When was the first parachute jump? Google poses the question with a doodle that spotlights French parachutist Andre-Jacques Garnerin. On Oct. 22, 1797 -- 216 years ago today -- in a Paris exhibition, Garnerin rose to a height of 3,200 feet, then made a dizzying descent to Earth by parachute and took his bows.
Others had parachuted before Garnerin, but he's credited as the first to jump using a parachute without a rigid frame. In the aeronaut's jumps, he used a white canvas umbrella-shaped parachute, 23 feet across.
The 1797 jump was rough, though. He lifted off in a craft that incorporated his parachute. On top was a hot-air balloon. At 3,200 feet, he cut off the balloon, his parachute opened and he made a rather wild descent to the ground. It is said that French astronomer Jerome Lalande saw this nausea-inducing fall and suggested creating a vent in the parachute. It helped.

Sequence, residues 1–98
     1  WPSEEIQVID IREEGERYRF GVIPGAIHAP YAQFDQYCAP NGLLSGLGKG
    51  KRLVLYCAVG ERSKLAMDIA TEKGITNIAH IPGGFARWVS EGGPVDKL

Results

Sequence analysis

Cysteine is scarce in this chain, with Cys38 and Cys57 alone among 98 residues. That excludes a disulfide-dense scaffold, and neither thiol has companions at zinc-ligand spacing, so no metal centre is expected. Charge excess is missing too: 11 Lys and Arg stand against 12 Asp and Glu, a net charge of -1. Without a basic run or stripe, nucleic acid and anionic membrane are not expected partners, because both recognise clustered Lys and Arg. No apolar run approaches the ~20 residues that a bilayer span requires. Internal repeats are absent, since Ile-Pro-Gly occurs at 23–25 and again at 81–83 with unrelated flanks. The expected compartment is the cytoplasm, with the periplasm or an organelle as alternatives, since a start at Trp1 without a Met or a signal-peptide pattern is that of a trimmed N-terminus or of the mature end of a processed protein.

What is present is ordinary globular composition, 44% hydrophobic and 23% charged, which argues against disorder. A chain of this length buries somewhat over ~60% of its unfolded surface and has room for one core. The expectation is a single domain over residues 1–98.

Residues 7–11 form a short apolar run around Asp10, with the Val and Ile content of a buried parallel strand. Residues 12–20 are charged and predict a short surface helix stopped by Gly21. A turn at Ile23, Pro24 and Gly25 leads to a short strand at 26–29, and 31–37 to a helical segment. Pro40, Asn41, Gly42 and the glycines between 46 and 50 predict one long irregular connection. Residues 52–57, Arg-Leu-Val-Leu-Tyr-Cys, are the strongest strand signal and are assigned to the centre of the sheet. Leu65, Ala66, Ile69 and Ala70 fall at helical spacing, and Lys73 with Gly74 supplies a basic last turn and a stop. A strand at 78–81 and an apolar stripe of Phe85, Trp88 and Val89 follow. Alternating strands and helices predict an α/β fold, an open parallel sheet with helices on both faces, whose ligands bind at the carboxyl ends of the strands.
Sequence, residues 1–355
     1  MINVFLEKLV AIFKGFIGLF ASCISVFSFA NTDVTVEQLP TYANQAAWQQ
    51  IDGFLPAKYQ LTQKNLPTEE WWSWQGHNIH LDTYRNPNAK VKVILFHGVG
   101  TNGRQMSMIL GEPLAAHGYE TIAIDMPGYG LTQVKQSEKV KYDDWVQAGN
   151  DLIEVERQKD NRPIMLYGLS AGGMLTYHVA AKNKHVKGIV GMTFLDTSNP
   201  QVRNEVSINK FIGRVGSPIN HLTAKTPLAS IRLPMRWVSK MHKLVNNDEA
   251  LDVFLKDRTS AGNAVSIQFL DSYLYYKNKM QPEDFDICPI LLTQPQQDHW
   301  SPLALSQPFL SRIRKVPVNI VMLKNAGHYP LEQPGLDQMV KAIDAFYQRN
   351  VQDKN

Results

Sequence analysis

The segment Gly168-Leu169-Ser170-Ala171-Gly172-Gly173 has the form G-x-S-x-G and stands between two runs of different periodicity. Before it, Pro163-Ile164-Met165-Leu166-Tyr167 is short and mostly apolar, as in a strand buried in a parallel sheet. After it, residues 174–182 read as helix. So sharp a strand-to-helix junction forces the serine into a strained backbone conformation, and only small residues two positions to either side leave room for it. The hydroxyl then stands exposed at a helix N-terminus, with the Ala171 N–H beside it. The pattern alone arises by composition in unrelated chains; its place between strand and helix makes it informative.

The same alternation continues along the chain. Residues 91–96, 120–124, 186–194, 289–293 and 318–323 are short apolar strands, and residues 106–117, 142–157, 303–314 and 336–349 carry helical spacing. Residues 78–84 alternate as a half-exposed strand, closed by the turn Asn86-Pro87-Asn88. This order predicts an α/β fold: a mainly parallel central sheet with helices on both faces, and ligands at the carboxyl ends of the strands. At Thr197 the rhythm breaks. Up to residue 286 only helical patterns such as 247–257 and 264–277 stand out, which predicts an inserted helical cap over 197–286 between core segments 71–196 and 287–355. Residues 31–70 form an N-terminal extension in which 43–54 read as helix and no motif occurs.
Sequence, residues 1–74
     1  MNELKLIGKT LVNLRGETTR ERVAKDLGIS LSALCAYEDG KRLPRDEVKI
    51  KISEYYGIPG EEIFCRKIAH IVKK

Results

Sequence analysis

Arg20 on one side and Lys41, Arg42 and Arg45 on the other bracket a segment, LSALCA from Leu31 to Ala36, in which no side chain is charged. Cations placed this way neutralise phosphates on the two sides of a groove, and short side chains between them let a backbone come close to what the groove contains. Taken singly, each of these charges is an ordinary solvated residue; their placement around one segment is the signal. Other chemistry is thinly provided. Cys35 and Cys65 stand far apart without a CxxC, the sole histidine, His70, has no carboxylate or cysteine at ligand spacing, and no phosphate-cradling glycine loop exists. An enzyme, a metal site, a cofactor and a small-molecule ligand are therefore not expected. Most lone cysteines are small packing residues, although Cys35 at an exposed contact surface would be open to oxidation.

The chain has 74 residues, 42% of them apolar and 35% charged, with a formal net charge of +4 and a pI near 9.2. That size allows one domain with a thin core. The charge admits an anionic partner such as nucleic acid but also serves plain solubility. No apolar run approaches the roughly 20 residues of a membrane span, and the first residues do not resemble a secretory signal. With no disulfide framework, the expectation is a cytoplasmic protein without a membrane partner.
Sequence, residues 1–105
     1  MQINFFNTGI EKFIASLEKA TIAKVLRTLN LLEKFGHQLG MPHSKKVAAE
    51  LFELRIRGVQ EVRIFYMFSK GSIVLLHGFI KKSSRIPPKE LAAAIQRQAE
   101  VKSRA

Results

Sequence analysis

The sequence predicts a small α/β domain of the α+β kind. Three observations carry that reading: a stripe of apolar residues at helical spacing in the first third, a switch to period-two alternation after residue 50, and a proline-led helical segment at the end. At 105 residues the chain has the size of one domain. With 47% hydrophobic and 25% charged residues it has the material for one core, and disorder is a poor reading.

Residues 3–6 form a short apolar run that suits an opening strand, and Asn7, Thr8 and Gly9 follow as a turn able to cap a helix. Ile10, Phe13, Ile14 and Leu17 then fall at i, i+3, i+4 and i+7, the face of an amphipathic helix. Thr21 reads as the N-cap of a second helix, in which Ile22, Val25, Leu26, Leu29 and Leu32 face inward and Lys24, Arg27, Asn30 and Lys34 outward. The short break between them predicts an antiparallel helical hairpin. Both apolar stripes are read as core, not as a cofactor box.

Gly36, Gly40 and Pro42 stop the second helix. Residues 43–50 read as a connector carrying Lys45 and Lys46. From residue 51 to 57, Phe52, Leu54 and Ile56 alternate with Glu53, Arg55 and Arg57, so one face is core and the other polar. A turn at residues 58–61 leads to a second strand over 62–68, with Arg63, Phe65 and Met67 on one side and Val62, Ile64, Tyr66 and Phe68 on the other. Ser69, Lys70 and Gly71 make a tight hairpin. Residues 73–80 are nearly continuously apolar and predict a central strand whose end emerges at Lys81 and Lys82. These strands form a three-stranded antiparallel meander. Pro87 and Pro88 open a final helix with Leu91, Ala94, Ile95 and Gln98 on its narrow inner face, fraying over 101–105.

Garnerin performed his stunts across Northern Europe and in 1802 jumped from 8,000 feet during an exhibition in England.
Others before Garnerin had dreamed of throwing themselves from great heights and floating safely to the ground. The idea came to Leonardo da Vinci hundreds of years before Garnerin ever made his historic descent. Leonardo described a "tent of linen" with which a person would "be able to throw himself down from any great height without suffering any injury."
In 1783, gutsy inventor Louis-Sebastian Lourmand made the first-ever recorded successful parachute jump with a rigid-frame cloth parachute 14 feet in diameter. He didn't jump from a hot-air balloon, though. He jumped out of a tree. Still.
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